By Chris Berendt Staff Writer
February 13, 2014
County officials are looking for space — with a limited amount of their own on hand — to accommodate the needs of a growing probation staff it is required by state law to house. It will likely come at a cost.
Paige Wade, the Judicial District Manager for Sampson, Duplin and Jones counties (District 4), recently made a request to county manager Ed Causey for additional office space for Sampson County probation officers. The N.C. Probation staff in Sampson received an additional judicial service coordinator and probation officer, but is running out of room.
“Based on the current office space we occupy in Sampson County I am in need of at least two additional offices to accommodate the new positions,” Wade stated. “We have one office in the courthouse annex, but there are a couple of issues.”
In addition to those related to officer safety, a main issue is having no bathroom facilities for officers to conduct drug screens on offenders. Officers are mandated to collect urinalysis for the offender population under supervision in a bathroom designated just for that purpose — at this time, those facilities are not available.
Causey said some space can be found, but many items are still in the air.
“We currently have 17 people working for Probation in this county and they’re getting ready to get two more,” said Causey.”As this courthouse security thing has developed, they have expressed interest in having space for two more probation officers.”
They would like to create a space in some upstairs offices at the courthouse annex. Causey said county staff was somewhat concerned about fully occupying those offices because it is unknown as of yet what kind of offices will be needed for bailiffs and storage for related equipment for courthouse security.
“As we develop some of these scenarios, we’re going to need that space,” the county manager remarked.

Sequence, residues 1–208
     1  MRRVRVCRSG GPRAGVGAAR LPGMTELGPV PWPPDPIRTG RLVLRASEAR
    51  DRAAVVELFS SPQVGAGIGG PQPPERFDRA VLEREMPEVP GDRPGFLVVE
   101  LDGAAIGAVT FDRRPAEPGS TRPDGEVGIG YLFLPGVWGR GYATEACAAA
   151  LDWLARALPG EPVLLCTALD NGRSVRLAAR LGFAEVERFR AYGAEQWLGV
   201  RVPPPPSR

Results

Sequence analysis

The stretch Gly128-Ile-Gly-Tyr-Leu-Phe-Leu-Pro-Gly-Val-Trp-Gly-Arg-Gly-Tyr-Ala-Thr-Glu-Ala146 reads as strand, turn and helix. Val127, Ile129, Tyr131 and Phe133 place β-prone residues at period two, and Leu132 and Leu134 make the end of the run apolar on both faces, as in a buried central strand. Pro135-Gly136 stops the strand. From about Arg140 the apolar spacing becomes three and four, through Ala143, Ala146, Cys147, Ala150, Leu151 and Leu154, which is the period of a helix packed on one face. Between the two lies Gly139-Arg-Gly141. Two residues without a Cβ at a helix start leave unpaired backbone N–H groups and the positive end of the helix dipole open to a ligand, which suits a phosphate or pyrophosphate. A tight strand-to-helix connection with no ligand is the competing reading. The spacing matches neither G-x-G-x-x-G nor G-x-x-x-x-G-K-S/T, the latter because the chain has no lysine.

Wade said if the county decides to take the office space in the annex, probation staff will need three offices instead of two. Probation officials spoke with Clerk of Court personnel about some other space, and were told those offices were not available.
Causey said the only alternative the county had was the modular unit attached to the Inspections offices, where there are eight offices currently being utilized for storage by the Inspections and Recreation departments. The modular unit was added on years back when the Department of Social Services needed additional space.
“If they were to use that space, we would need to add a bathroom where they could do their drug testing and not be walking people back through the facility, which would entail a few dollars,” Causey said.
“After viewing the office space at the County Complex, we believe an entire unit could be moved to this location,” the judicial district manager remarked.
If the transition can take place, it would free up some office space at the courthouse, mainly in the basement, Wade noted.
While Probation officials have expressed a desire to use the entire facility, the county manager said he did not believe he was in a position to recommend that. Causey said the county would have to deal with those stored materials, as well as other ongoing issues and was reluctant to release the whole building to Probation.
Causey said the county could pursue trying to develop a bathroom in that end of the building, as well as arrange for them to have three offices to fulfill the immediate need for new personnel.
“At the same time we do that, there will be some cost for adding that facility,” Causey commented. “We really don’t know what else to do other than trying to get that together. That’s about the only real space I have left.”
The county is required to provide office space for N.C. Probation personnel. In his discussions with Probation officials, Causey said he told them he did not think renting space downtown was an option, with other major expenditures the county was making — courthouse security among many others.
“I do believe we have an obligation to accommodate them and I would like to work with them,” Causey said.
Public Works director Lee Cannady noted that it could take as much as $15,000-$20,000 to install a bathroom, with necessary plumbing, hot water and related fixtures. One of the existing offices would be utilized, so while it would not be an addition, one of the offices would have to be completely overhauled.
“It’s not prepared for any plumbing whatsoever,” said Cannady.
Board chairman Jefferson Strickland inquired as to whether there were any supplies or bathroom fixtures in the old County Home building, set to be razed, that could be moved to the modular unit. Cannady said that possibility is being looked at, with the $15,000-$20,000 a high-end estimate and “not to exceed” threshold.
Cannady said if he could do it for a few thousand, that is what it would be.
“That surprises me on that number. The key word is ‘shoestring,’” Strickland said, referring to the budget.
Causey said he and Cannady would look into more concrete numbers and available supplies for the needed bathroom and report back to the board.
Chris Berendt can be reached at 910-592-8137 ext. 121 or via email at email@example.com.